Valencia Community College in Florida offered a number of programs for under-prepared students coming to the campus for the first time – more than 100 programs, in fact. However, the piecemeal approach to improving student performance was still resulting in a broad achievement gap, particularly along with ethnic and racial groups. When Valencia joined Achieving the Dream in 2005, the college began to take a closer look at the strategies that would yield the best results, according to a report published by the organization. The outcome was implemented in four phases, beginning in the 2005-06 school year and included:

  • Supplemental Learning – This was offered for both pre-college mathematics courses and three other classes the college deemed particularly difficult for incoming freshmen.
  • Learning in Community – This program coordinated instruction in two difficult courses for students who linked the classes together.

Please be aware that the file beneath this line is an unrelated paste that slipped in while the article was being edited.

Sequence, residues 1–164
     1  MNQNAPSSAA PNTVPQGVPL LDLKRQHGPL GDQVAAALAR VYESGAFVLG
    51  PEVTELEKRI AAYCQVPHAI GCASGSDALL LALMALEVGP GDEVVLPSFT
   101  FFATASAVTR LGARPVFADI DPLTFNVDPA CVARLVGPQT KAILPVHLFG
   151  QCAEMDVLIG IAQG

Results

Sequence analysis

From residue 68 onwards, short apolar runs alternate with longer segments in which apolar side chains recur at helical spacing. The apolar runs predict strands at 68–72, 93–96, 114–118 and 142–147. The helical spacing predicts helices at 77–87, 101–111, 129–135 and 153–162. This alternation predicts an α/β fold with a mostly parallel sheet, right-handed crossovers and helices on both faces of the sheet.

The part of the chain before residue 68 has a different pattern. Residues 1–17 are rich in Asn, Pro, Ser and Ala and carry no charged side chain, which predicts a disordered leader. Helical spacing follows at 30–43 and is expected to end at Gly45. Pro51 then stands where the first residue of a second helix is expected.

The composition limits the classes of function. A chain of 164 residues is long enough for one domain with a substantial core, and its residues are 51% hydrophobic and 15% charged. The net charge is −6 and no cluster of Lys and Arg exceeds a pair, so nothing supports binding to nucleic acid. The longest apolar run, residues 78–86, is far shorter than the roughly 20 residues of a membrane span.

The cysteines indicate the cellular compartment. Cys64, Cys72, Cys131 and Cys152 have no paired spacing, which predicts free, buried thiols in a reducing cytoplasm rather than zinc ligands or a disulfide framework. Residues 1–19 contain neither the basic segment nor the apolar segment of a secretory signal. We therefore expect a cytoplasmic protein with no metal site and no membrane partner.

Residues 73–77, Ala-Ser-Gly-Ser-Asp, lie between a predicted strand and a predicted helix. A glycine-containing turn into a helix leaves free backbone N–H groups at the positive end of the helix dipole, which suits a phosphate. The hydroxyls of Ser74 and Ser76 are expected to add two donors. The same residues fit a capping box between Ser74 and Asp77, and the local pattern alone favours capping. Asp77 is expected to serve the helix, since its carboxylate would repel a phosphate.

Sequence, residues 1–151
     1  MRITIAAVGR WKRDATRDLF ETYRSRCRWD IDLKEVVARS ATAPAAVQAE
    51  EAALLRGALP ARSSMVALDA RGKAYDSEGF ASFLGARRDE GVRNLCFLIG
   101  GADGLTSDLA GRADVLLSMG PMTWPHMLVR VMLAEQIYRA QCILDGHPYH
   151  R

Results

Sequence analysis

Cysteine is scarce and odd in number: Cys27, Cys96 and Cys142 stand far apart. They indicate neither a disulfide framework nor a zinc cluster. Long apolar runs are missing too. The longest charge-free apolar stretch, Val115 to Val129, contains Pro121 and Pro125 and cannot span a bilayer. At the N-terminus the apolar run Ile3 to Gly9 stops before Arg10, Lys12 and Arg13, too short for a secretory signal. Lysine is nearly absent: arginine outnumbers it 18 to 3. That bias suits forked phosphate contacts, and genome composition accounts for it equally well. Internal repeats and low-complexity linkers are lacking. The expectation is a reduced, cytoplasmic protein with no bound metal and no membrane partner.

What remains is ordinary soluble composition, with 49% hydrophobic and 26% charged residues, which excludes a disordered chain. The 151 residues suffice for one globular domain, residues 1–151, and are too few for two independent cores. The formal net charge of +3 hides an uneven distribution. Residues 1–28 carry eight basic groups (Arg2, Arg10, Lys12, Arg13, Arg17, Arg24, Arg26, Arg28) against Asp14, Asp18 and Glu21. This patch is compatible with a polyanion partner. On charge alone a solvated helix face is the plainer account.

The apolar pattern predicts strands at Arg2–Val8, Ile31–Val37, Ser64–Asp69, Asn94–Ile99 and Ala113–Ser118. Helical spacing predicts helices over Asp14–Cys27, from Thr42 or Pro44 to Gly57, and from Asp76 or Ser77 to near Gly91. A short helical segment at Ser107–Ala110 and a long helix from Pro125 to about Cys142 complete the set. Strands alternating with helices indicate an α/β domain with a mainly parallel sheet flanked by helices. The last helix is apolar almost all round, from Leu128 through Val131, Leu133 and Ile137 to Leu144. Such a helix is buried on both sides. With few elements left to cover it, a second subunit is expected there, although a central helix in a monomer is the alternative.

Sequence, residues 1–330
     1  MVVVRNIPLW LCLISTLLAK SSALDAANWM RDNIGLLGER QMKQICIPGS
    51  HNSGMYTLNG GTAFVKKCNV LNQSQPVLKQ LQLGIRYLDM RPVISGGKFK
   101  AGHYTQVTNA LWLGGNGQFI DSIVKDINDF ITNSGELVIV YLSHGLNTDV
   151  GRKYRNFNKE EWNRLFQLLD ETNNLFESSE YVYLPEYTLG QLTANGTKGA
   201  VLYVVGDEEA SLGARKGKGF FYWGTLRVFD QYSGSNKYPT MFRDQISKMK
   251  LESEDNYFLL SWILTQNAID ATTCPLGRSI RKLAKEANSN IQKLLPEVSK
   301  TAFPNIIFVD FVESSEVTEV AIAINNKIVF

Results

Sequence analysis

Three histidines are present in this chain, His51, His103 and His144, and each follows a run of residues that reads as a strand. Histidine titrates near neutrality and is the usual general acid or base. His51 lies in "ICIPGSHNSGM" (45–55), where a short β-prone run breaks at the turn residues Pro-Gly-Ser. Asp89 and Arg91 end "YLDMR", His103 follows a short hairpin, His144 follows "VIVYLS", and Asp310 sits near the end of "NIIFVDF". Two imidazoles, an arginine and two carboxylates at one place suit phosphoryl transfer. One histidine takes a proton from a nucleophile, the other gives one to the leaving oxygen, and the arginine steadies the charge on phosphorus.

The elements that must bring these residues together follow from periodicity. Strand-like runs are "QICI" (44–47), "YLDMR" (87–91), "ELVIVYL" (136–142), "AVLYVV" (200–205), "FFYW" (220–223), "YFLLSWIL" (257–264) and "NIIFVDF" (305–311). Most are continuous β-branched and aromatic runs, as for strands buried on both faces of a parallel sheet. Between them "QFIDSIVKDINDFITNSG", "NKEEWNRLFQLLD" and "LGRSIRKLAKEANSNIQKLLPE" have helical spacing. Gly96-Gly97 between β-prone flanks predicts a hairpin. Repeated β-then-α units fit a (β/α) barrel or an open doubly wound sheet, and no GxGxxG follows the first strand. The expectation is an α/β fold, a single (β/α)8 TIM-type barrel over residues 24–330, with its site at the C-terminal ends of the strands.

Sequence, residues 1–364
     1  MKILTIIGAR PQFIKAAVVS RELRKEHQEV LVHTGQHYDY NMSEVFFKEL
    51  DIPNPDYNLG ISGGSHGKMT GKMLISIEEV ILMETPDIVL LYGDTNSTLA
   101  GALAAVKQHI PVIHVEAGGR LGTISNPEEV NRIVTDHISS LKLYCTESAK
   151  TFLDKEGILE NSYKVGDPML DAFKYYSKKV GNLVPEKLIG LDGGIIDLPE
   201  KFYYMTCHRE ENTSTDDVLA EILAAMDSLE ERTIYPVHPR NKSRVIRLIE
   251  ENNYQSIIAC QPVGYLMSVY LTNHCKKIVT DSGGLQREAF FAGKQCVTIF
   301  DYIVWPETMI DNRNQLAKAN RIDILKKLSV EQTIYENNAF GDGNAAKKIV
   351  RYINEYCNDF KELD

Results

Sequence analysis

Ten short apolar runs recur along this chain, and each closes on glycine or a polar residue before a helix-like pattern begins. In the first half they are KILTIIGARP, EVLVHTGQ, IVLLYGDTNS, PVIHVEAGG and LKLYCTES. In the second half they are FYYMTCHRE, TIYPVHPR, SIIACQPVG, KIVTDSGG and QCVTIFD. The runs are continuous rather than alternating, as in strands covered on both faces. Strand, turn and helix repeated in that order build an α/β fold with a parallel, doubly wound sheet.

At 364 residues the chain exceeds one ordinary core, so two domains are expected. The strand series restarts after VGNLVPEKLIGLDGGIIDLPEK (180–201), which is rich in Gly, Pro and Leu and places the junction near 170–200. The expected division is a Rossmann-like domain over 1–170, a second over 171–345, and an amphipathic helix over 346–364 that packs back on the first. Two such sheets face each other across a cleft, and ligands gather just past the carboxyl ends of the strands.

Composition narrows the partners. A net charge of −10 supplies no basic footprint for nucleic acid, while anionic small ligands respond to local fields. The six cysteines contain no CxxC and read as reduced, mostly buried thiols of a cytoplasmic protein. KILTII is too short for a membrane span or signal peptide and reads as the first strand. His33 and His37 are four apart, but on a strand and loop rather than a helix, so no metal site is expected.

• Linked Course Expansion – This strategy brought more courses into the model listed above.
  • Student Life Skills Course – This course was mandated for students who tested into developmental courses in math, English, and writing.

The results of the Valencia experiment were mostly positive, particularly for Hispanic students in math courses and African-American students in composition classes. According to the college website, students who successfully complete their education at Valencia either move directly into a skilled position in the workplace or transfer to a four-year university as a junior with guaranteed admission.

In this video, Dr. Todd Zakrajsek discusses how Universities seek to ensure students are able to handle advanced academic work by requiring requisite courses have been successfully completed during the admissions process. Yet, when talented (and vetted) future professionals arrive at the university gate, who teaches them how to be learners at the next level? Dr. Zakrajsek explores this topic in-depth in his talk.

Cooperative Learning = Increased Student Retention